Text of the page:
Through traditions - both unique and common - people can clearly see the values and identity of a school.
Whether it’s graduation ceremonies, unique quirks of singular faculty members or celebrations at the Head of School’s house every Friday night, traditions set a school apart from others.
Such traditions are important mainly as bonding exercises and to give the school a sense of its own importance and continuity.
"One of my favorite traditions at IST is the 5th-grade ceremony," said Dr. Mark Hardeman, the Director of the International School of Tanganyika (IST). "It's an amazing ceremony to celebrate the transition of our oldest Elementary students into our Secondary School."
Though this may be prevalent in most schools, IST ensures that this is a memorable experience for its students, parents and teachers.
"The most amazing moment was near the end of the ceremony. The lights were darkened and teachers began to step forward to read out their favorite quotes from children's literature. It was an amazing moment and still gives me goosebumps just thinking about it."
Traditions at IST take a Unique Twist
Starting spontaneously with no real backstory, some traditions at IST are unique and quirky and give the school character. Though many traditions come to an end, since the school’s inception in 1963, some exciting traditions at IST have come to be.
Dinner Parties at 91 Msese Road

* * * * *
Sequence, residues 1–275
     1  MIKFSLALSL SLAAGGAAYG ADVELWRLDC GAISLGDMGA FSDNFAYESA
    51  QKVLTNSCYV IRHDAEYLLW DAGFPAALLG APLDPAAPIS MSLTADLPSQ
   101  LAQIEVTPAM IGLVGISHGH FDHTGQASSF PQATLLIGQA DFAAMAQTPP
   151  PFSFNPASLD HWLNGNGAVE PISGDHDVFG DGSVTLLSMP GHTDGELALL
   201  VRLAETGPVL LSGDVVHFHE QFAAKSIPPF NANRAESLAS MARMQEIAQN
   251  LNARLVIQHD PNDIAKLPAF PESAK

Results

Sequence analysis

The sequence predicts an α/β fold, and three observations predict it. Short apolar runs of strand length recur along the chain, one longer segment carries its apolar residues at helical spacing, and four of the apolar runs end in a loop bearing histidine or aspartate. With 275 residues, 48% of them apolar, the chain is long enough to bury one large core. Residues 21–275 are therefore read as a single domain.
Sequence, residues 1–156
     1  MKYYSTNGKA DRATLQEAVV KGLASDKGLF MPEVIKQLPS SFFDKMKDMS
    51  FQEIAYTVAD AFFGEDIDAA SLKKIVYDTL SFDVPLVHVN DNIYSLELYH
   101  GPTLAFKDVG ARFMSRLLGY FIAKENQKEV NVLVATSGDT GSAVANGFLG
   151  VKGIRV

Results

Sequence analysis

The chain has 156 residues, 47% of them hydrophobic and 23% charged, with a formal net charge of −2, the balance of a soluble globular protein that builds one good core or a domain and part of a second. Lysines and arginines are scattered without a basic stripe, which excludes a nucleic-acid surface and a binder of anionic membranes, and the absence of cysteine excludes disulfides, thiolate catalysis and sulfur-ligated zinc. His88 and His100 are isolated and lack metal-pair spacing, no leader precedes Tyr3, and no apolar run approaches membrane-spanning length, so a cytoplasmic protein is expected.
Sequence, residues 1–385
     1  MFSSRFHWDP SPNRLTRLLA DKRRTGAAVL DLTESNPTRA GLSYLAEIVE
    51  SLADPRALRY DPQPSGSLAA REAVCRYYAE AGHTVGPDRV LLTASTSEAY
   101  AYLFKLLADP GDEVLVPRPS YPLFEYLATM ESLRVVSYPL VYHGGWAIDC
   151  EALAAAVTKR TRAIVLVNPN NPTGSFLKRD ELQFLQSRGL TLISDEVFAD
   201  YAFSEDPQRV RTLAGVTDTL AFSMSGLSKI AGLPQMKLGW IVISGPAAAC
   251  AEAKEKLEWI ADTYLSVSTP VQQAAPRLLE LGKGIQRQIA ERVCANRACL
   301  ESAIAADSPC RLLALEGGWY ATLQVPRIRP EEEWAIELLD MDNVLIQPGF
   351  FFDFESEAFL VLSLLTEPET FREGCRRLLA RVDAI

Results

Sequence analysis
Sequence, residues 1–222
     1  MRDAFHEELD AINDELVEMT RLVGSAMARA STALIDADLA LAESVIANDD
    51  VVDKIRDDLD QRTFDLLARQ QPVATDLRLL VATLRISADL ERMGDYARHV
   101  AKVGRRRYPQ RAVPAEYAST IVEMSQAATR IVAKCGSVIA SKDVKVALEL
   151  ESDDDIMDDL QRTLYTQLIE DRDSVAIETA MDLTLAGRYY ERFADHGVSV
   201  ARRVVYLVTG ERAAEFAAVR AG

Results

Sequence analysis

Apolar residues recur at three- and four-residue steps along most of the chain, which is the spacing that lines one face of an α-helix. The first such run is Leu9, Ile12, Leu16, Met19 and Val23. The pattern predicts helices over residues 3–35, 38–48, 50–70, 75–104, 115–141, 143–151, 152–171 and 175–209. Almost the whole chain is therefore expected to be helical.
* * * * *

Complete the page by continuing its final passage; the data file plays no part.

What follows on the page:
It was attractive, colonial-style house located just across the creek from the school and was purchased in 1972 to house the incoming Head of School, Bob Graham, and many subsequent Heads after him. It was the scene of an exciting new tradition.
According to Graham Mercer, a teacher at IST for 34 years, 91 Msese Road was a tradition that allowed for bonding amongst the faculty.
When Mercer first joined the school in 1977, the home was known as the Headmaster’s House. At the time, the Head of School was Harry Potts.
“Harry and his wife Monica were extremely hospitable and we teachers were invited for dinner at Msese Road on a rotary basis,” Mercer said. “Dinner would be served outdoors on the lawn, with place-names.”
Mercer remembers these nights as being an exceptional bonding experience for faculty, a way to get to know one another outside the doors of the school.
“It was all very enjoyable.”
Entertainment at the Yearly Swim Gala
Some traditions at a school are comical, starting in a moment of spontaneity.
An example of one at IST was initiated by Elsa Pope, a part-time German teacher.
“During the annual swimming gala at Elementary School… [Elsa] would entertain the audience at the climax of the event by riding her push-bike off the top diving board,” Mercer said fondly remembering the 70-year-old teacher. “[She was] a lovely lady and one of the school's much-appreciated ‘characters’.”
A Tradition to Promote Faculty Bonding
There are some traditions that combine exploring the country and adventure to promote faculty bonding.
Starting with the help of Mercer, Kevin Bartlett and Mike Maybury, IST started the tradition of taking incoming teachers and admin on a safari to Mikumi National Park.
According to an IST teacher, Deanna Milne, this is one of the best ways to get acquainted both with other faculty members and Tanzania itself.
“The safari that [IST] brought us on as new staff really showed me that they care about showing new staff what an amazing country this is,” Milne said. “It gave us a chance to get to know each other away from work and share an amazing experience together that many people dream about.”
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